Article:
Ruby Dee, Legendary Actress and Activist, Dies At 91

Iconic actress and playwright, Ruby Dee, has died at the age of 91. According to the Associated Press, the late actress passed away on Wednesday, June 11 at her home in New Rochelle, NY. She reportedly died of natural causes. The news of her death was confirmed early Thursday morning by her daughter, Nora Davis Day.

Dee, born Ruby Ann Wallace, was classified as one of the most notable African American actresses of the century. Throughout her 74-year career, Dee personified excellence, and is a prime example of progression and lifetime achievement. Dee has been casted in more than 50 films, 40 television series, 38 stage plays, a collection of short subjects.

She landed her first film role in 1949 when she starred in the musical, That Man of Mine. The film led to a number of other notable opportunities including the Jackie Robinson Story(1950), for which she received national recognition.

However, Dee is widely known for her work in the iconic 1961 film, A Raisin in the Sun, where she starred alongside notable actor Sidney Poitier, and the 2007 blockbuster film, American Gangster, with Denzel Washington. She also appeared in the highly lauded Alex Haley television mini-series, Roots.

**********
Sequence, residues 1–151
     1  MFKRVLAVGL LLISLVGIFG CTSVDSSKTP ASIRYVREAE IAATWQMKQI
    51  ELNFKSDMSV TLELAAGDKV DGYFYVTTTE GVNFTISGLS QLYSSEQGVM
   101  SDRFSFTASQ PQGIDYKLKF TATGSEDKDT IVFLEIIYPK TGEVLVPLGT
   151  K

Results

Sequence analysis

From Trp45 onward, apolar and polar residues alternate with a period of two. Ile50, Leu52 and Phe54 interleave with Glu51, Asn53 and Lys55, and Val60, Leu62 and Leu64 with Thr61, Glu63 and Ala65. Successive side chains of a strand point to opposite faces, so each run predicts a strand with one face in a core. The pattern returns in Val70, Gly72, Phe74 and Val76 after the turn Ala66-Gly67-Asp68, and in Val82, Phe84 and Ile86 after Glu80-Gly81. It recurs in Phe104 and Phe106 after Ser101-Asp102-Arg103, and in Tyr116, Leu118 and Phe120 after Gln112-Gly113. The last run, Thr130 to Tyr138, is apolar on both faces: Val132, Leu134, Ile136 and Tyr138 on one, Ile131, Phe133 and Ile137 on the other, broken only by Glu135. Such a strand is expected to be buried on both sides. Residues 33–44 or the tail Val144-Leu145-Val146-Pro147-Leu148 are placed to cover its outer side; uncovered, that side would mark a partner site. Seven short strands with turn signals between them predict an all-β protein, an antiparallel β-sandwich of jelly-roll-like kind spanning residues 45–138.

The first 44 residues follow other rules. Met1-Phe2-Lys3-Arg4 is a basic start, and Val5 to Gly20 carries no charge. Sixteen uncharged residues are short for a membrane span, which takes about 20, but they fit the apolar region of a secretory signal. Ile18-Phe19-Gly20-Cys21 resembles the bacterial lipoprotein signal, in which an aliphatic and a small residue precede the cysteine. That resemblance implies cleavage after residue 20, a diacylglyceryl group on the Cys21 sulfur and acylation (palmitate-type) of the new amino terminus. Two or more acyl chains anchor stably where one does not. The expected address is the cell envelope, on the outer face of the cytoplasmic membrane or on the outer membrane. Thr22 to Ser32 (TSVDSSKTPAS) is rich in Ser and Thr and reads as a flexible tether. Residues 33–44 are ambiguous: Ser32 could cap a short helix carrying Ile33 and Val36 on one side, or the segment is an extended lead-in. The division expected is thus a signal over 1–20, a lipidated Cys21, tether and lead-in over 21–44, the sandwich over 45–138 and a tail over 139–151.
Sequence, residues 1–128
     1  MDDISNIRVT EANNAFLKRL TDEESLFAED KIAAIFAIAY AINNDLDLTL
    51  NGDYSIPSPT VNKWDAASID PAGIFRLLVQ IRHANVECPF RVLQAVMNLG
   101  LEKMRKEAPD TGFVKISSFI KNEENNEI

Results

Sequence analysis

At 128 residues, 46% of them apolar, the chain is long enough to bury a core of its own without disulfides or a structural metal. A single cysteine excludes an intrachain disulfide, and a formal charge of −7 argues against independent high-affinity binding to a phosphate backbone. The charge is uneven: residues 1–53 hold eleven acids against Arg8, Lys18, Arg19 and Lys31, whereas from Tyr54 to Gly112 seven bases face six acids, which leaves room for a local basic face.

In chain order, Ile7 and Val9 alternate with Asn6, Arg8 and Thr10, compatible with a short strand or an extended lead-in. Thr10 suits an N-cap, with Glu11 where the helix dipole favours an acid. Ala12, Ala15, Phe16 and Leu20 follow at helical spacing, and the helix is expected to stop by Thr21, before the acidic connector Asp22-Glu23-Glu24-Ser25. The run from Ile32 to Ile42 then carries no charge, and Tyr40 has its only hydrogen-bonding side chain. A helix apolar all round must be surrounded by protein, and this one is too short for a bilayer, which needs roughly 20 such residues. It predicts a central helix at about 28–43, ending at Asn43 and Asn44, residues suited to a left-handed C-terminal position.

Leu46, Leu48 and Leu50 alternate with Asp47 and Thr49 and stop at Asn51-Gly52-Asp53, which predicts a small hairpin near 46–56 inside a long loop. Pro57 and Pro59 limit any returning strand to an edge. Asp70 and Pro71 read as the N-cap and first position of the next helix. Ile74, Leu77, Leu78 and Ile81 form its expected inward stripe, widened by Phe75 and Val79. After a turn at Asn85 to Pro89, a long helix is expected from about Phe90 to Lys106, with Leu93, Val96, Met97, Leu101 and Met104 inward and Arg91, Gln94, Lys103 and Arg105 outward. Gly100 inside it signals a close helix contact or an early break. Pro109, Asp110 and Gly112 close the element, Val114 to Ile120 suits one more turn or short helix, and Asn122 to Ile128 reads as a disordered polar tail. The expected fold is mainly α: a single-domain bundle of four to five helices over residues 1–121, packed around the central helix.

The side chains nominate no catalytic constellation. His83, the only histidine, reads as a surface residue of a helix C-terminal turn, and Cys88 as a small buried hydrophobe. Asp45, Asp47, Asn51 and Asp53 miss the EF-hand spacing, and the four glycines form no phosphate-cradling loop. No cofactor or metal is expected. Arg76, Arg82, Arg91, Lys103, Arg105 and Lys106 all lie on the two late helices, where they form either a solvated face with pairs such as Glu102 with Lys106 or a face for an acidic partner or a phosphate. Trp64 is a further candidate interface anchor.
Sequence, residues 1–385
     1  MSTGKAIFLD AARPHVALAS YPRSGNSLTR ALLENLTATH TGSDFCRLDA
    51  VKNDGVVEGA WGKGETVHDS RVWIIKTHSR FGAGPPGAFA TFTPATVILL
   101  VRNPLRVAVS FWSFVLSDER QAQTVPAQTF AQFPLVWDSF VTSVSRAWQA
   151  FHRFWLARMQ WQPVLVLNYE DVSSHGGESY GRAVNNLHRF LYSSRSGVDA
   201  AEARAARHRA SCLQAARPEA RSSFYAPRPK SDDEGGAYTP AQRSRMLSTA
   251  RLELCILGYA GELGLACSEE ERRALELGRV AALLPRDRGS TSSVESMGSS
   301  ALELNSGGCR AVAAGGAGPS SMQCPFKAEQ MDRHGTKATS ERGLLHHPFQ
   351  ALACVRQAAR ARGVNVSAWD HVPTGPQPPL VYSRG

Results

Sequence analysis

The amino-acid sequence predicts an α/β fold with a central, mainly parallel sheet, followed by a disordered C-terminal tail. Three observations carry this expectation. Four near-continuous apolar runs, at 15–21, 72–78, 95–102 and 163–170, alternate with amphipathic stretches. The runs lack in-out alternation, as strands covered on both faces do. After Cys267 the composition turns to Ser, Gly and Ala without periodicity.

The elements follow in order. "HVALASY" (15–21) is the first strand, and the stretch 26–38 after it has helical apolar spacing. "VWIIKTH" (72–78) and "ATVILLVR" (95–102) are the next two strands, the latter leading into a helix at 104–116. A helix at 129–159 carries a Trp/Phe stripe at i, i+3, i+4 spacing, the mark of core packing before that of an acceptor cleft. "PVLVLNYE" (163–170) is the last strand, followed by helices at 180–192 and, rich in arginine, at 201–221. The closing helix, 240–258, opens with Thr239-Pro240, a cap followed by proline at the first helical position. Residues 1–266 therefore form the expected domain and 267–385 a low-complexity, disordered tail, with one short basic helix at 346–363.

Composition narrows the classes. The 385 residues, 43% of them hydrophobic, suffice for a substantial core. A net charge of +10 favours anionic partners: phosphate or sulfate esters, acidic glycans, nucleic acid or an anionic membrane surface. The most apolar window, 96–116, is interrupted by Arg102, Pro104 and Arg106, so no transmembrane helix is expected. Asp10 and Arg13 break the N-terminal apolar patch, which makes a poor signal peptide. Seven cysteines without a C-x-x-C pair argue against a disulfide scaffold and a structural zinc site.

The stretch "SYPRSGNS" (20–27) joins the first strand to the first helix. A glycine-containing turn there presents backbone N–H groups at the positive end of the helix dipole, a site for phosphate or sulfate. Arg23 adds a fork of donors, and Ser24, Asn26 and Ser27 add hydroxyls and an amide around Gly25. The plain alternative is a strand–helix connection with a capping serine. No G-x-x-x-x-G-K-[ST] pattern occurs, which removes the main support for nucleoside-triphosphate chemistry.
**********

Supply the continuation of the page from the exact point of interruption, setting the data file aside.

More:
The Cleveland-born, Harlem-raised actress was also the winner of an Emmy, a Grammy and a Screen Actors Guild award, among several other notable accolades. In addition to her work on the Broadway stage and big screen, Dee was also a highly respected political activist, alongside her late husband actor Ossie Davis, and an accomplished poet.

In 2005, she and her husband were honored with a National Civil Rights Museum’s Lifetime Achievement Freedom for their works of activism. On March 30, 2007 she was also inducted into the Westchester County Women’s Hall of Fame with notable public figures Hillary Rodham Clinton and Nita Lowey.

Her final film was the crime drama King Dog. The still-in production film also stars Ice-T, Coco Austin, and Akon.

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